New WA State Government Intellectual Property Policy – what does it mean for employees who are inventors?

In May 2023, the Western Australian government published a policy aimed at encouraging innovation within the public sector and unlocking opportunities for commercialisation.

The policy recognises the value of intellectual property as a state asset, and provides guidance on the creation, management and use of IP to assist WA government agencies. The three key guiding principles are:

a. Identify and facilitate opportunities to obtain maximum benefit to WA from Government IP.
b. Consider the commercialisation of Government IP where appropriate and financially viable.
c. Consider how Government IP can facilitate positive outcomes for the community and the State.

The policy is relevant to all entities in the public sector. Universities, police and local and regional governments are some of the exempt entities.

Importantly for state government employees, the policy specifically deals with recognition of creation. “Agencies are required to implement the Policy’s position statements except for Section 8 -Employee Recognition for IP Development which is discretionary and will depend on the particular circumstances of each agency.”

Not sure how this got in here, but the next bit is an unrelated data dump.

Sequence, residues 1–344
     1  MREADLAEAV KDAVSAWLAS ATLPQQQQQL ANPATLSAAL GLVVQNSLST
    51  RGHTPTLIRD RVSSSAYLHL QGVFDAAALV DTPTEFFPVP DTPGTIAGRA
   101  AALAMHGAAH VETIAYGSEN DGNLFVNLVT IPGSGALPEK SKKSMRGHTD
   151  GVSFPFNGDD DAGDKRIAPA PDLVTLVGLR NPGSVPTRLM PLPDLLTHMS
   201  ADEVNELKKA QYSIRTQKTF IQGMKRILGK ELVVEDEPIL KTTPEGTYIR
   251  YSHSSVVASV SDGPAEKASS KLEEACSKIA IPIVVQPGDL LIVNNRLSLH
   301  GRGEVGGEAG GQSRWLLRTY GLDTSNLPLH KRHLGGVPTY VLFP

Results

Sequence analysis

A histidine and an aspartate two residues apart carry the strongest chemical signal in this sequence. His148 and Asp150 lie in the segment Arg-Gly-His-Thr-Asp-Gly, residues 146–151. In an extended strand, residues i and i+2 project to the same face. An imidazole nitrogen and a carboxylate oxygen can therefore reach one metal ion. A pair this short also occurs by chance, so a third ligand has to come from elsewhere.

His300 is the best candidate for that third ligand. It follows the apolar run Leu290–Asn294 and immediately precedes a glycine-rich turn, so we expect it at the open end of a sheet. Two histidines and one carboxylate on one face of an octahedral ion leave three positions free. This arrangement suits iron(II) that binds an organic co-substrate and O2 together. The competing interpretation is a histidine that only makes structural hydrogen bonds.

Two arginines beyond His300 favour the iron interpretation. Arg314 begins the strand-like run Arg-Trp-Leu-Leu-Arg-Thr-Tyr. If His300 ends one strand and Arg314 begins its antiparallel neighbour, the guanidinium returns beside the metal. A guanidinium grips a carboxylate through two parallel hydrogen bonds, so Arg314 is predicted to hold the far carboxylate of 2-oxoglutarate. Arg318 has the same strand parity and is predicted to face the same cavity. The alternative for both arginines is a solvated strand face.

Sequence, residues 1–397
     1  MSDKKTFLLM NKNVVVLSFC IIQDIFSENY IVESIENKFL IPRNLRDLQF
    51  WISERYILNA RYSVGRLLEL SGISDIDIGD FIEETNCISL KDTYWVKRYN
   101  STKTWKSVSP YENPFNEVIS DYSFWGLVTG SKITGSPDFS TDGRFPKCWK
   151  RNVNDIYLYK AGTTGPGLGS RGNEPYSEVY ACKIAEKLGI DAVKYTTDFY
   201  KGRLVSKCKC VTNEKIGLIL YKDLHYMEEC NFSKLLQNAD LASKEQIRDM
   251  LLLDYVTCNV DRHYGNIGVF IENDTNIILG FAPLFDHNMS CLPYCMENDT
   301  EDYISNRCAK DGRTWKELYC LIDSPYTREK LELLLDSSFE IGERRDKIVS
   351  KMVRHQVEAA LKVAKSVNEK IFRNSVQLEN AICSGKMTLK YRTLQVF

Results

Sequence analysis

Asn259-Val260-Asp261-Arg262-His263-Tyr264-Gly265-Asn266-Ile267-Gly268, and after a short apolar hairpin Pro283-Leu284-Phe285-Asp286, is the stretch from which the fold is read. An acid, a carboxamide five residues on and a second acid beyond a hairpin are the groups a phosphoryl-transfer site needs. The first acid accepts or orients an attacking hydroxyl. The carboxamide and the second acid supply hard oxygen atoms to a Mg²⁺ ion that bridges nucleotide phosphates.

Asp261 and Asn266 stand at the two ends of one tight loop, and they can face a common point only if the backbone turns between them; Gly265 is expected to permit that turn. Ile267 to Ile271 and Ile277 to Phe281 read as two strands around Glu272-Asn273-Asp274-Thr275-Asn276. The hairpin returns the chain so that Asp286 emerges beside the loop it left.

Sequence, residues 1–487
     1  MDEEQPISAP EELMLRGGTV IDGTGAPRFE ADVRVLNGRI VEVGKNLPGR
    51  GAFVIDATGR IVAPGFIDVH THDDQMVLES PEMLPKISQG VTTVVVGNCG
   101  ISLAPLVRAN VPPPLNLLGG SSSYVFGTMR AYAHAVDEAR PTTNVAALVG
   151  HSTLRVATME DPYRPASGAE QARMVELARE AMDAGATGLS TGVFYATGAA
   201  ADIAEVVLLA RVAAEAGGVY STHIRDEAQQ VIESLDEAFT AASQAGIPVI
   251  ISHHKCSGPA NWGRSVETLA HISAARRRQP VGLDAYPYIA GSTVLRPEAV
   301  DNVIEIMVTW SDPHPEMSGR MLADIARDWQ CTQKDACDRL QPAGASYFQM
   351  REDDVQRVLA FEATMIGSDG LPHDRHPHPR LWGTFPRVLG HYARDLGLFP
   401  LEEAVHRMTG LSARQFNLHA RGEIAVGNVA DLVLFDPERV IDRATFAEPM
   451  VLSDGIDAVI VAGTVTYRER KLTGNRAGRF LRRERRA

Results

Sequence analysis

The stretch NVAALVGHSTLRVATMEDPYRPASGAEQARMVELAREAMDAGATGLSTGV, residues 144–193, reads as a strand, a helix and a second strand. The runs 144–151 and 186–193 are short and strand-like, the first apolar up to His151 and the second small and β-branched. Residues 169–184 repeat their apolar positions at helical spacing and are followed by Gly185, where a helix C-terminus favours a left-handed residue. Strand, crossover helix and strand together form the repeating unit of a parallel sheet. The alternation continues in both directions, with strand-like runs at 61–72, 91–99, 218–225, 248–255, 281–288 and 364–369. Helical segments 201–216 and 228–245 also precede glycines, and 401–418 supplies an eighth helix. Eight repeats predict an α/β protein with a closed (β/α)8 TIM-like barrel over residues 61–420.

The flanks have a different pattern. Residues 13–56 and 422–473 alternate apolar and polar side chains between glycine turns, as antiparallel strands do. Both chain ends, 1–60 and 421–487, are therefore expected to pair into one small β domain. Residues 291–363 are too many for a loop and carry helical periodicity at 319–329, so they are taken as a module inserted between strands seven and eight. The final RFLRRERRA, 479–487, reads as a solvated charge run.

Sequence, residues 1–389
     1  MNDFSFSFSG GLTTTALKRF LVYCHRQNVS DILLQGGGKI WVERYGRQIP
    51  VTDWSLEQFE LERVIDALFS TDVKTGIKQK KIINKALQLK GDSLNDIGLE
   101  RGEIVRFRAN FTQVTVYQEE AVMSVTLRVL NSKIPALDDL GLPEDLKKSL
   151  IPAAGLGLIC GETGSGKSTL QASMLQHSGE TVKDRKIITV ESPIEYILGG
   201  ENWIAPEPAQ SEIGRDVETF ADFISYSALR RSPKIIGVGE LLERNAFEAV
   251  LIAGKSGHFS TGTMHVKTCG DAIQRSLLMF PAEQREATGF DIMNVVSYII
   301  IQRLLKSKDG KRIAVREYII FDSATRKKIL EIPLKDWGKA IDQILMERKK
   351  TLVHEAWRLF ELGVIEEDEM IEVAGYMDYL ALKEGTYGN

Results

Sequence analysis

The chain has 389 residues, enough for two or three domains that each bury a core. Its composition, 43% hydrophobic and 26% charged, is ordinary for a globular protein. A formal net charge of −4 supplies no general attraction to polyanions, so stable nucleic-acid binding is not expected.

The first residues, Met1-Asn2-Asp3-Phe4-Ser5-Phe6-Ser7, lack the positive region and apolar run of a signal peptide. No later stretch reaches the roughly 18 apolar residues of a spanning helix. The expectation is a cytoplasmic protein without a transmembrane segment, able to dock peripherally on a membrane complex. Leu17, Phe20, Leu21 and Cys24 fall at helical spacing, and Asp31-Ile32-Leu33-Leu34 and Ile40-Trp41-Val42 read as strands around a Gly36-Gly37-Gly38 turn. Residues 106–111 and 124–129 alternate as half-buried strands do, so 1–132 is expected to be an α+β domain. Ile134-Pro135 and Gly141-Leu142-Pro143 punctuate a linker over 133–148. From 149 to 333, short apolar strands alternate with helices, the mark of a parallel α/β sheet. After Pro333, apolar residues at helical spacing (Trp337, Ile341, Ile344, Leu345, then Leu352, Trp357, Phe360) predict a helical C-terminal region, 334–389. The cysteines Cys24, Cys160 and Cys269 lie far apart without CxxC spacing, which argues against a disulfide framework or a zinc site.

The policy goes on to note:

Agencies should ensure its employees are provided with information concerning:

  • ownership of IP developed by employees in the course of their employment or pursuant to the terms of their employment;
  • confidentiality obligations relating to IP creation; and
  • the requirement to comply with this Policy and internal policies, practices and procedures relating to IP identification, reporting, protection and management.
  • Job description forms should specifically address IP creation aspects of a position and the obligation of confidentiality.
  • Review employment contracts and job description forms for those positions which have, or should include, a function, role or duty to create IP.

Where required, agencies should seek legal advice regarding the inclusion of terms relating to IP rights, confidentiality and moral rights consents in employment contracts, as relevant to their employment framework

The “function, role or duty to create IP” comes out of University of Western Australia v Gray [2009] FCAFC 116. The general position at common law is that the employer will have no automatic rights over the inventions of an employee without an express or implied term in the contract of employment. One exception to this is where is there is an “implied duty to invent”. This is especially important for patents. The Patents Act 1990 identifies those entitled to seek a patent in the following way:

Subject to this Act, a patent for an invention may only be granted to a person who:

a. is the inventor; or
b. would, on the grant of a patent for the invention, be entitled to have the patent assigned to the person; or
c. derives title to the invention from the inventor or a person mentioned in paragraph (b); or
d. is the legal representative of a deceased person mentioned in paragraph (a), (b) or (c).